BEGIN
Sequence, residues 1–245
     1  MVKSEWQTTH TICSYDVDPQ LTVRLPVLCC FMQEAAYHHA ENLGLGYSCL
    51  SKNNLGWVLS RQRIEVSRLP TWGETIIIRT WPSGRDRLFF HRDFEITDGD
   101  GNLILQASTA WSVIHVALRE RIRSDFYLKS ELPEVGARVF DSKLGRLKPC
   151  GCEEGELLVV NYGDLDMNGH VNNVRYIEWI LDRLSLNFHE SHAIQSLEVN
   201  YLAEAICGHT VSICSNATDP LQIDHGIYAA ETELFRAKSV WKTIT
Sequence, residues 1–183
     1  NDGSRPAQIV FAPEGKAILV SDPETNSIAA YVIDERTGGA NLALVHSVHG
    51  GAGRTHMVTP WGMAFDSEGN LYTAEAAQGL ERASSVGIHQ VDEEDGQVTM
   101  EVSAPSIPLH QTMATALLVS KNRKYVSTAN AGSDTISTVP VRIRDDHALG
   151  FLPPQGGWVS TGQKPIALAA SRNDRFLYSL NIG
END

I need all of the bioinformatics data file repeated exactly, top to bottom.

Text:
Sequence, residues 1–245
     1  MVKSEWQTTH TICSYDVDPQ LTVRLPVLCC FMQEAAYHHA ENLGLGYSCL
    51  SKNNLGWVLS RQRIEVSRLP TWGETIIIRT WPSGRDRLFF HRDFEITDGD
   101  GNLILQASTA WSVIHVALRE RIRSDFYLKS ELPEVGARVF DSKLGRLKPC
   151  GCEEGELLVV NYGDLDMNGH VNNVRYIEWI LDRLSLNFHE SHAIQSLEVN
   201  YLAEAICGHT VSICSNATDP LQIDHGIYAA ETELFRAKSV WKTIT
Sequence, residues 1–183
     1  NDGSRPAQIV FAPEGKAILV SDPETNSIAA YVIDERTGGA NLALVHSVHG
    51  GAGRTHMVTP WGMAFDSEGN LYTAEAAQGL ERASSVGIHQ VDEEDGQVTM
   101  EVSAPSIPLH QTMATALLVS KNRKYVSTAN AGSDTISTVP VRIRDDHALG
   151  FLPPQGGWVS TGQKPIALAA SRNDRFLYSL NIG